Retrofitting a collection? I’d rather not

I just had a visit from a student wanting to deposit a collection of recordings made in the course of PhD fieldwork in the PARADISEC archive. It is a great shame that they are only just now thinking about how to deposit this material, as it will need considerable work to make it archivable. If they had sought advice before doing all of the research (or looked at the PARADISEC page ‘Depositing with PARADISEC’, or looked at the RNLD pages, e.g, it would have been so much easier for all of us. Why?

They used a Sony dictaphone recorder, which is very low quality and records in a proprietary format (.msv) via an internal and rather poor microphone. These files need to be converted using Sony software (on a PC only) and will never be as good as they would have been if recorded on the normally recommended equipment. They transcribed the recordings in Microsoft Word documents that have no time-alignment so can’t resolve back to the recordings for citation of example sentences. These too will need to be converted out of the Microsoft format into rtf, pdf or text format. There was no naming convention established so now all files need to be renamed. There is no catalog of the collection in any form, so that needs to be created, not something they really want to do while writing up a PhD dissertation.

So, if you are in this situation or are supervising students in this situation, please make sure they have thought about the standards they should adopt before they start their research!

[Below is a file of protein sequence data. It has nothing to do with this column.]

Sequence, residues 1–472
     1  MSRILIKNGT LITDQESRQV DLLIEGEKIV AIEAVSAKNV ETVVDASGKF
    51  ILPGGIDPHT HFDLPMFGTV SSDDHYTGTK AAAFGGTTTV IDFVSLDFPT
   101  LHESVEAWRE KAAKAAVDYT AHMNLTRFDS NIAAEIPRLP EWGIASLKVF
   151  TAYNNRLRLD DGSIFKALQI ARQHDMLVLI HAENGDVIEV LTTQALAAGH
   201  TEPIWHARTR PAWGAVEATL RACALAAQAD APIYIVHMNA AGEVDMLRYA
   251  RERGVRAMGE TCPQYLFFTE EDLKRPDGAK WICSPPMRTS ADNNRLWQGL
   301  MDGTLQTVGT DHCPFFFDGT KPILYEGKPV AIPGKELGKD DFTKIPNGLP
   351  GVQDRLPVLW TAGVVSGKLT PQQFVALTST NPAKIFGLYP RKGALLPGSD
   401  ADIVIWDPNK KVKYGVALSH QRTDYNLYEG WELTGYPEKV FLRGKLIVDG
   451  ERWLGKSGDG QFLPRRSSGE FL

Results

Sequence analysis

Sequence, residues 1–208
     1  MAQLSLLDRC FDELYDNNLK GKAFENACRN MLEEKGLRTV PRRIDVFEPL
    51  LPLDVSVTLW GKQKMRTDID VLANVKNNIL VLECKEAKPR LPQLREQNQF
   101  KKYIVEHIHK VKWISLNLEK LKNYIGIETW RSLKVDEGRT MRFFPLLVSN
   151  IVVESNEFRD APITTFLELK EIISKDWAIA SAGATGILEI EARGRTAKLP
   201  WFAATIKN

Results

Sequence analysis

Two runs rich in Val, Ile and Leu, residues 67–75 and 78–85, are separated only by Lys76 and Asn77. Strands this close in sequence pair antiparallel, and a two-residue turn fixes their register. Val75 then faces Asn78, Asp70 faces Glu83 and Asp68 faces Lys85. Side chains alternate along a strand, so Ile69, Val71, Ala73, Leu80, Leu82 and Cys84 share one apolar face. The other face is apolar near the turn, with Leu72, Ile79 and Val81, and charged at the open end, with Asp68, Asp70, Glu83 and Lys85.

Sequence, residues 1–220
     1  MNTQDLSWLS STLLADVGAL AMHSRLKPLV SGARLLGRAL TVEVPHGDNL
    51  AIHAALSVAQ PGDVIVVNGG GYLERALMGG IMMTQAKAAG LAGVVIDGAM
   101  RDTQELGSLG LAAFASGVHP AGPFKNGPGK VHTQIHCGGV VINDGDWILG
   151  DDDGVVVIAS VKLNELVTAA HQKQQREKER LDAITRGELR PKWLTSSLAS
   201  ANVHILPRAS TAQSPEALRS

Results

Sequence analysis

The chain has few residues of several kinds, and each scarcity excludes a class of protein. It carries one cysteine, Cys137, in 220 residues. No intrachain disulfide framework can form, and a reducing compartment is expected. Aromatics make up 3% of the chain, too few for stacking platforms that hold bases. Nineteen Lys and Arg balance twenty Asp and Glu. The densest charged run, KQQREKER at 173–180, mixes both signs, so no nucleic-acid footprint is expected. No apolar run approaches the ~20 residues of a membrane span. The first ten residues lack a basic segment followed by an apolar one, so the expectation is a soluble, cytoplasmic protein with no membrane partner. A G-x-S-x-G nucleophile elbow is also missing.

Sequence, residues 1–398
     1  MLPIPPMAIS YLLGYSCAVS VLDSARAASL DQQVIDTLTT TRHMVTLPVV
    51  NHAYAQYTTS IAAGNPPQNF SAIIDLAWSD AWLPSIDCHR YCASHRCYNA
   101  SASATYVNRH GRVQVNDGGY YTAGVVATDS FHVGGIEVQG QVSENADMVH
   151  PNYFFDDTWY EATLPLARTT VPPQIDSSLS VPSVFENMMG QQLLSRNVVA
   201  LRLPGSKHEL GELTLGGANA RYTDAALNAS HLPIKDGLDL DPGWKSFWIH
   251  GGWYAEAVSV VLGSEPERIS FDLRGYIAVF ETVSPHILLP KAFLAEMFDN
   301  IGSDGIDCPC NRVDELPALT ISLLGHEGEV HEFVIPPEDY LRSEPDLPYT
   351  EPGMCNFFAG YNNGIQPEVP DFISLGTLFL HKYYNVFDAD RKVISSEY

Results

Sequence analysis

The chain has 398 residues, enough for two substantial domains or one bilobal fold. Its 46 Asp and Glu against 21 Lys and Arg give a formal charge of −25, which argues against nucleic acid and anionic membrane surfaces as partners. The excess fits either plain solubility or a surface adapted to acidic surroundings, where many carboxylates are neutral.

1. Peter Austin says:

    Thanks for sharing this Nick — a salutary lesson, however what you identify, it seems to me, are issues about doing documentation and corpus creation and management that are independent of archiving. Isn’t it the case that students and other researchers should pay attention to how they make their recordings, organise and structure and manage their data and analysis, record metadata in some organised fashion, and have clearly articulated workflows, separately from whether or how they wish to archive their materials? To me, what you describe are good policies and practices for linguistic research, not for archiving per se. Of course, you have had to confront the lacunae in the student’s training since they now do want to archive.

    At SOAS I try to teach the principles you discuss as part of my Fieldmethods course (in the MA, and taken by all PhD students who have not done it before and who plan fieldwork) — this year we are not working with an endangered language and don’t have plans for archiving, but the students are still learning about what you describe.

  2. Nick Thieberger says:

    Yes, I agree completely. This is about good research practice and reuse of research data, and should apply to all research in general, whether or not the material is intended to be archived. We will increasingly see funding bodies requiring public access to publicly funded research and I hope we will see changes to academic recognition of corpus creation that will allow a corpus to be counted for advancement (as you have also argued before on this blog). It does, however, become more relevant to think about data management methods when the records being created are of a language that has never before been recorded and for which subsequent recording may not be possible.

    The idea of creating well-formed reusable data so that it can be easily archived has been criticised by your colleague in ELAR as archivism (Nathan 2010) so I’m glad to hear that you are teaching the principles you mention in your courses. He uses the peculiar example of Winston Churchill’s pipes, and notes that, just as no-one would have suggested to Churchill that his pipes should have been laid out in a drawer in a certain way so that future generations could see them there, so linguists should not create well-formed data from their fieldwork with the aim of archiving it. Rather it seems he would have a thousand flowers bloom, and somehow the archive should deal with the resulting material, as, for example, produced by the student who turned up to my office.